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Sky, Wiggins deny doping allegations after UK government report

A report compiled by the British Parliament’s House of Commons alleges Sky and British Cycling broke anti-doping rules.

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Team Sky and Bradley Wiggins strongly denied some of the most damning allegations made in a high-profile report released overnight Sunday by a British parliamentary committee.

In a bombshell 54-page report that followed a months-long investigation into Team Sky and British athletics, one of the most serious charges is that the team’s use of the corticosteroid triamcinolone was “to enhance the performance of riders, and not just to treat medical need.” It was also accused of crossing an “ethical line” despite anti-doping rules allowing the use of the corticosteroid.

Team Sky came out on the defensive Monday with a strongly worded rebuttal.

“The report also makes the serious claim that medication has been used by the Team to enhance performance. We strongly refute this,” a Team Sky release stated. “The report also includes an allegation of widespread Triamcinolone use by Team Sky riders ahead of the 2012 Tour de France. Again, we strongly refute this allegation.”

The long-awaited report dropped late Sunday and was splashed on the front pages of Monday’s UK newspapers. It wasn’t all about Team Sky, however. The report also took aim at British athletics as well as general anti-doping rules with an equally searing view.

The report comes at the end of a long-running inquiry into therapeutic use exemptions (TUEs) associated with Team Sky and Wiggins’s 2012 Tour de France victory prompted by leaks and other reporting into doping allegations leveled against the highest reaches of British sport.

The fallout could be serious. In the wake of other reports, including inquiries of a mysterious “Jiffy Bag,” both Sky’s and Wiggins’s public reputations have taken a beating both inside the UK and beyond.

Wiggins also refuted the report’s findings, posting a message Monday morning on Twitter saying, “I find it so sad that accusations can be made, where people can be accused of things they have never done which are then regarded as facts. I strongly refute the claim that any drug was used without medical need. I hope to have my say in the next few days & put my side across.”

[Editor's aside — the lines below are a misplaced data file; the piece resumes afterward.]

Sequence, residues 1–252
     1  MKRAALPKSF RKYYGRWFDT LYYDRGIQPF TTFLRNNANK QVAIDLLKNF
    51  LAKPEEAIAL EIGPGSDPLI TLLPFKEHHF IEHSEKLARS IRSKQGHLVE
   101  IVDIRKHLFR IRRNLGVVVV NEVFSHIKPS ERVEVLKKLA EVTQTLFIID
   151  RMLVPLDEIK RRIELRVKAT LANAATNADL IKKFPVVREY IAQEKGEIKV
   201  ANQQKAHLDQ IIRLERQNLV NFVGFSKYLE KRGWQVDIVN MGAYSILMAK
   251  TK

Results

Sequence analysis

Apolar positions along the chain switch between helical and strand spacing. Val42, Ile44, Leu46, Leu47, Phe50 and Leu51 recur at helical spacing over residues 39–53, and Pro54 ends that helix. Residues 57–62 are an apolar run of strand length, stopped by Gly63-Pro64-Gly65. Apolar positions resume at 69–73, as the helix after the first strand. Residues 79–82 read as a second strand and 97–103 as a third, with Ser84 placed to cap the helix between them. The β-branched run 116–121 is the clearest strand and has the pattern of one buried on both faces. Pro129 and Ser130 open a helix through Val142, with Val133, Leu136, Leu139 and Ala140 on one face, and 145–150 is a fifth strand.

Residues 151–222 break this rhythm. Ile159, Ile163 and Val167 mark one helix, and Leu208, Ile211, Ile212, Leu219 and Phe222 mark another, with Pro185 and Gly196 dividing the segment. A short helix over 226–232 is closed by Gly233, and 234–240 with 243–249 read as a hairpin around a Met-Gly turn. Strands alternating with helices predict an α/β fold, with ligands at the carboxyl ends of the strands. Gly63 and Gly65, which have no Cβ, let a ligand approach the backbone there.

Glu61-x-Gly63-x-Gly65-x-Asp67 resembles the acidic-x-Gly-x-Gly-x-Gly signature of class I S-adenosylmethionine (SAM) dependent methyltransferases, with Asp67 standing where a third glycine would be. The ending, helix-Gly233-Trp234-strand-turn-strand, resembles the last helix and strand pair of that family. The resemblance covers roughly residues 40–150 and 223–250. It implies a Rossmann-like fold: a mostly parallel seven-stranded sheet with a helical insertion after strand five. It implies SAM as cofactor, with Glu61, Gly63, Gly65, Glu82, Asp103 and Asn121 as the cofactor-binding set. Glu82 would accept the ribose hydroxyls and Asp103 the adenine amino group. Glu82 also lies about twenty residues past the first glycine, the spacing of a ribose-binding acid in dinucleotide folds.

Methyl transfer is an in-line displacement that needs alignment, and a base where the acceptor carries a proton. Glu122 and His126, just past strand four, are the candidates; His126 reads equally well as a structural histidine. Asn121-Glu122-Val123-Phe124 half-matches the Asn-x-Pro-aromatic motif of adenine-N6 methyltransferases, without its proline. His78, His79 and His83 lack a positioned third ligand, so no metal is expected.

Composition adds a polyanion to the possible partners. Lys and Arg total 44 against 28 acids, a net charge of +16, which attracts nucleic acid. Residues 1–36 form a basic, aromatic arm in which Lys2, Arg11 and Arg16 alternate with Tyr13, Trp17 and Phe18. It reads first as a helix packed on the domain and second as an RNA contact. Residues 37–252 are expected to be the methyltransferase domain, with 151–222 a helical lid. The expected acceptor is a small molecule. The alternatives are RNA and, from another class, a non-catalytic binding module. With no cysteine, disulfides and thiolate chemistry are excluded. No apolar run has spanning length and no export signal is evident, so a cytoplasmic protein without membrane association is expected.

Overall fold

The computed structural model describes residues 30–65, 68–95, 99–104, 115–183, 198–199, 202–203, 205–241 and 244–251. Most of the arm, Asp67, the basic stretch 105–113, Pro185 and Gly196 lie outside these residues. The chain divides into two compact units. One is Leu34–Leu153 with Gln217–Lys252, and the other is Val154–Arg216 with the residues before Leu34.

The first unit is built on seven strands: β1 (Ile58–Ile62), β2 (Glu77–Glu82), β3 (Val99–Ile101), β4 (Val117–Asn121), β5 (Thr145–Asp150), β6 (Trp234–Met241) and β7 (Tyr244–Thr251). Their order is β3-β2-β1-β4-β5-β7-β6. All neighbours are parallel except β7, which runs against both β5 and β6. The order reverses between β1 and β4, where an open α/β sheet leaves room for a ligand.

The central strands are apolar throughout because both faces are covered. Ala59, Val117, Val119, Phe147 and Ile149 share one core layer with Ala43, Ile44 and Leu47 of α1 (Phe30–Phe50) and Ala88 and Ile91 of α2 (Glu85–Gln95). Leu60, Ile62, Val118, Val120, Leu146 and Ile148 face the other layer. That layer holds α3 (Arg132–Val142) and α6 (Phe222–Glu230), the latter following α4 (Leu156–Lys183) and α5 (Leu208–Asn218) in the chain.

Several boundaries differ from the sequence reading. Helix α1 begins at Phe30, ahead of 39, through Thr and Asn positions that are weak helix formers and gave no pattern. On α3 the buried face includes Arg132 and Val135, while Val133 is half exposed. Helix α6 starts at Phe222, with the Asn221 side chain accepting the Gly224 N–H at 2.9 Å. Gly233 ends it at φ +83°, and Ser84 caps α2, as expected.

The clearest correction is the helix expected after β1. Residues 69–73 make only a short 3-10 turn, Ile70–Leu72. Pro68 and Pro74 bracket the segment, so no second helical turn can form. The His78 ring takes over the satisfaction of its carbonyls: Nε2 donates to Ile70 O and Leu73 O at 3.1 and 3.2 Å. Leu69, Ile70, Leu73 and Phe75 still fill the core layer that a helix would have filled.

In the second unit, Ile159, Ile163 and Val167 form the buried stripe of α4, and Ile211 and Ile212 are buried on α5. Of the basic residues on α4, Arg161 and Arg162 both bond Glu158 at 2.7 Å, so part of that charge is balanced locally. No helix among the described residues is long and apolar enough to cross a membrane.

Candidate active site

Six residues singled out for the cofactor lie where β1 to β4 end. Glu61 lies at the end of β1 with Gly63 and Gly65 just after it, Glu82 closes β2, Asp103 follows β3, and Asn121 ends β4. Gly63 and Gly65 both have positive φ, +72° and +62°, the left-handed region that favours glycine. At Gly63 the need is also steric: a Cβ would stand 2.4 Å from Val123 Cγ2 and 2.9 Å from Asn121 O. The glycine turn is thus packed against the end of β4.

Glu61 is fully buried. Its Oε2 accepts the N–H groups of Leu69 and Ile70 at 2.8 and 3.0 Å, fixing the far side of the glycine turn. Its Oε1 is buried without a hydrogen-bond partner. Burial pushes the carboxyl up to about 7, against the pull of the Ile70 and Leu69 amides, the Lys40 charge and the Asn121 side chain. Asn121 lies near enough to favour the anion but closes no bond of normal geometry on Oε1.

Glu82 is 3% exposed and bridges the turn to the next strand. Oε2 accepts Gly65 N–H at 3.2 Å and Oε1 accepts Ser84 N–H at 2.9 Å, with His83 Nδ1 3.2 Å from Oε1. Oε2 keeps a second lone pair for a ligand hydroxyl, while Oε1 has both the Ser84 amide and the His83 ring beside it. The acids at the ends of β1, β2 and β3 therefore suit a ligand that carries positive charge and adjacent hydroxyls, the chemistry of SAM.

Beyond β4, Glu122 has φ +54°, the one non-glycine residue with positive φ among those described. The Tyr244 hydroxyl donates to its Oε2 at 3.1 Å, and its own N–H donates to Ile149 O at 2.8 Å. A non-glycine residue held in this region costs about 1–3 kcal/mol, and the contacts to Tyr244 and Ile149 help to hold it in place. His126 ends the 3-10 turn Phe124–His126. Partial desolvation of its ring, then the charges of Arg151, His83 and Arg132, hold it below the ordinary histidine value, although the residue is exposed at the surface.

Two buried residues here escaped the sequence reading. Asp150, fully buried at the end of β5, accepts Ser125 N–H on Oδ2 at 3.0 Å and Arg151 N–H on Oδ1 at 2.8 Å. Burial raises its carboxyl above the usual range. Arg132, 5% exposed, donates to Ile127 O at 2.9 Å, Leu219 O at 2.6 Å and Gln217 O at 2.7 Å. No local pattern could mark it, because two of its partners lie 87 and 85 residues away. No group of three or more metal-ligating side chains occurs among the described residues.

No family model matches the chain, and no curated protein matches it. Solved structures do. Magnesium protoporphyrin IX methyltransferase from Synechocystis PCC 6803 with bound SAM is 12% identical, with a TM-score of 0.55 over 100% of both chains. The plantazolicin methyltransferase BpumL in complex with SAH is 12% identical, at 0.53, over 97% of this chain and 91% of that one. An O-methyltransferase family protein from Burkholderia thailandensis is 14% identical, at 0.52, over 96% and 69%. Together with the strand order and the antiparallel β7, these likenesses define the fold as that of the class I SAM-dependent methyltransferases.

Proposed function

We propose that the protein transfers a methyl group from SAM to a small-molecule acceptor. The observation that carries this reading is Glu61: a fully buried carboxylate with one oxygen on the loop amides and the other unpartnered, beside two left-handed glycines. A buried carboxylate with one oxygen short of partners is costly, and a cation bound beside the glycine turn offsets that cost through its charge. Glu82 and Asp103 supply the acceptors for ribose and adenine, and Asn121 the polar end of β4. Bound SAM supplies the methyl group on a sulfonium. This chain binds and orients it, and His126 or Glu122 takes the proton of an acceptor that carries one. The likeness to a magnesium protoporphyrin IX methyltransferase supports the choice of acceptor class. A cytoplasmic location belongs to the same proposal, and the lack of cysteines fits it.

The report comes as Team Sky star Chris Froome is fighting a possible racing ban after he tested for high levels of Salbutamol en route to winning last year’s Vuelta a España. Salbutamol is an approved asthma treatment, but Froome tested for double the allowed limits, triggering an adverse analytical finding.

Froome is set to race for the second time this season at Tirreno-Adriatico starting Wednesday. Though not directly related, the damning allegations made in the report and Froome’s pending case will only build pressure around Team Sky in the coming days and weeks.

And the strong indictments will likely add fuel to the fire among critics who are calling for Team Sky manager Dave Brailsford to step down. So far, Brailsford has shown no sign of that. On Monday, Team Sky promised to “take full responsibility for the mistakes that were made.”

“We wrote to the committee in March 2017 setting out in detail the steps we took in subsequent years to put them right, including, for example, the strengthening of our medical record keeping,” the Sky release said.

“We are surprised and disappointed that the committee has chosen to present an anonymous and potentially malicious claim in this way, without presenting any evidence or giving us an opportunity to respond. This is unfair both to the team and to the riders in question.”

The report also took aim at British Cycling for its record-keeping practices and its once-cozy link between the federation and the Team Sky infrastructure. Brailsford had already cut any links to the national governing body in 2014 before the inquiry reported its findings.

On Monday, British Cycling stated it would take steps “to ensure that failures identified in the committee’s inquiry will never happen again.”

Newspapers across the UK took a grim view of the report. The Daily Mail’s headline read, “Sir Bradley Wiggins DID take drug to win 2012 Tour.” The Guardian wrote, “Remarkable drugs report shatters Team Sky’s illusion of integrity.” The tabloid Sun put it this way in a front-page bold headline: “WIGGO DOPING SHOCK.”